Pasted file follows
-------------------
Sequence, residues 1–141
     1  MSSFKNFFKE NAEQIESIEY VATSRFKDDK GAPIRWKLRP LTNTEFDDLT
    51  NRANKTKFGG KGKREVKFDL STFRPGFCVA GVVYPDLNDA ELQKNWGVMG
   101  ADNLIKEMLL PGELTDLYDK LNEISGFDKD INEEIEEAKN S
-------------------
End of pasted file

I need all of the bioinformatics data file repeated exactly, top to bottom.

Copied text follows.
Sequence, residues 1–141
     1  MSSFKNFFKE NAEQIESIEY VATSRFKDDK GAPIRWKLRP LTNTEFDDLT
    51  NRANKTKFGG KGKREVKFDL STFRPGFCVA GVVYPDLNDA ELQKNWGVMG
   101  ADNLIKEMLL PGELTDLYDK LNEISGFDKD INEEIEEAKN S